Relationships brings new meaning to a favorite dish or a new place. The sculptures and tourist spots of Geneva are meaningless when compared to the home-made lunch prepared by Jimmy. Rhine Falls may just be a waterfall outside of Zurich but when shared with Janet its significance is memorable.

People tell me they are inspired by my journey but the irony is I get my motivation from you. I get energize when I am out and intoxicated with life.  It is true what Forrest Gump said ‘life is a box of chocolates you will never know what you get until you open it.’ It makes me look forward to the next time I melt into the warm kindness friends and people, and I respond with great blessing.

Another week here in Basel and I go home. What awaits be back home is my family….and my oncologist. I go back on full chemo treatment on October 23 with a different regiment, stronger one: Oxaliplatin with a new drug called Zaltrap. The former is a platinum based chemo drug that I had an allergic reaction to and it makes me sensitive to cold things: I had to wear gloves when getting things from the refrigerator or not go there at all. The plan is to load me up with steriods and antihistamine before introducing Oxaliplatin with a slower rate of infusion at the hospital. After the hospital, I bring home my portable infusion pump for more chemo that usually last for 2-days or until I empty the bag. I get a week to recover and do it again to complete 12 cycles of this regiment.  I am not exactly excited about going back to full chemo treatment. I hate it and its crippling side-effects, but I need to do this to see you again…or for the chance to run the NYC marathon next year.

This is when I say ‘life is like a marathon, you will never know how you will finish until you stand at the starting line.’


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Berlin Marathon: Done.

October 5, 2012

Basel, Switzerland.

erlin is done. I still have the afterglow from running Berlin marathon last September 30. It was a memorable weekend in a historic city. It was my second time to visit the city but never this close to see its people and the city first hand. I felt like a celebrity as they came out to cheer you. All along the way you would hear…

Bravo. Aller (‘go’ in French). Laufen (‘run’ in German), Roberto!  Bravo.

There are the beautiful little kids who would even come up to you and extend their hand. High five, dude. As you pass-by they would do ‘the wave’ in chorus with others. Cow bells, horns, and bands every couple of kilometer. As the morning turns into afternoon, the beer gardens lining the route becomes crowded and noisy. They love their beer in Germany. There are no open bottle restriction.

The aide station are well stocked with water, Powerade, hot tea (yes, hot tea!), banana, and apples. Of course, if you are not happy with the selection you can always stop at the next beer garden. Ha!

The historic significance of Berlin is not lost on me. I love history. The marathon start at the Tiergarten, Berlin’s equivalent of NYC’s Central Park or Chicago’s Grant Park. The park was previously the hunting grounds reserved for royalty and the literal translation meant animal garden. The marathon also ends at the park passing through the famous Brandenburg Gate.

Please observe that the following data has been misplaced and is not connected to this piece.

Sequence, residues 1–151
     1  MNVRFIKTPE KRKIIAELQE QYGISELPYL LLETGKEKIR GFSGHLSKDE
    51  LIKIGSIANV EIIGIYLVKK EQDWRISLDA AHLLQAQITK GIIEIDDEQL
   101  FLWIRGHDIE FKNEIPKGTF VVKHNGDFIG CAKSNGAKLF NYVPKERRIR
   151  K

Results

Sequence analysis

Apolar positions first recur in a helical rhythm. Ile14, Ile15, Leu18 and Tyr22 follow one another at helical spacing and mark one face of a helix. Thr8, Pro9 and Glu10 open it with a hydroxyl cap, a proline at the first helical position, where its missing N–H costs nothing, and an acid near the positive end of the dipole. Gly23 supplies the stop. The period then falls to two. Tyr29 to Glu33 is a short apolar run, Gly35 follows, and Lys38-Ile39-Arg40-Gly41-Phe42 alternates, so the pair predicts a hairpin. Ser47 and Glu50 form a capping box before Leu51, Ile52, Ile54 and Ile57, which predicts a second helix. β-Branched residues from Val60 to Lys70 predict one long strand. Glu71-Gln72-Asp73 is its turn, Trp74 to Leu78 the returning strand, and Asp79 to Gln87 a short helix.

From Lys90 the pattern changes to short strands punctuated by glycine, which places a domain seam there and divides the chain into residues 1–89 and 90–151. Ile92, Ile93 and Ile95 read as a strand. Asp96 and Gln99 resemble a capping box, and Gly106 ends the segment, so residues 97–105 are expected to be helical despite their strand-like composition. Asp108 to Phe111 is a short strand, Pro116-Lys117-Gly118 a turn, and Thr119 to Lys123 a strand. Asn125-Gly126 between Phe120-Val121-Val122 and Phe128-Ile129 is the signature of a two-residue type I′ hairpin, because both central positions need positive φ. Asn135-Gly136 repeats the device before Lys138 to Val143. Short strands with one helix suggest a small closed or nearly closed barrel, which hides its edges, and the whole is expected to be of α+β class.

Berlin marathon is the fastest marathon course in the world and it is designed for fast runners. I am not a fast runner in my current state and did not break any personal records. I was just so thankful I was able to run it. I was full of anxiety coming to Berlin not knowing whether my cancer-stricken lungs will be able to carry me to the finish line.

Each cough I make would elicit a look in my wife’s eyes to see if I was ok. But as I got pulled by the energy of other runners and started knocking down the miles at a steady pace, my confidence started to build. At the 21 km marker, we were still on pace on my target to finish under 6 hours. My cancer nodules were cooperating. However, by kilometer 32 (mile marker 20) fatigue, stiffness, and cramps started to set in. My lung capacity was limiting me to remove the build up of lactic acid in my muscles.

The sweeper bus have caught us but I was determined to get this done.  It was such a grind so we ended up walking most of the way.

As we near the finish at kilometer 40, other finishers were cheering us on. Bravo! The roads were already open and we are running on the side. Then you turn and get a glimpse of the Gate. As you approach the Gate, you go through a column of other runners merrily drinking their beer. They stop and clap as you pass thru. All were urging you to finish. Laufen, Roberto!  The back-of-the-neck hair raising moment was when you pass under the Gate and whole thing opens up to the finish line (Ziel) with people watching you.

I felt like a deer when flashed with headlights. The Gate was partially obscuring the people behind, then all of the sudden it is there. We get to the finish line with the official timer off but still very thankful we finished and have the medal to prove it.

I did it. I have metastatic lung cancer and I finished the Berlin marathon in 6 hours and 38 minutes.

Before the start of the marathon

Berlin finishers

Berlin medals and bib. Bravo!


P.S. Have been taking my chemo pills for the past 5 days with limited side-effects.  Thanks God.  Also, good luck to all runners running the weekends Chicago marathon.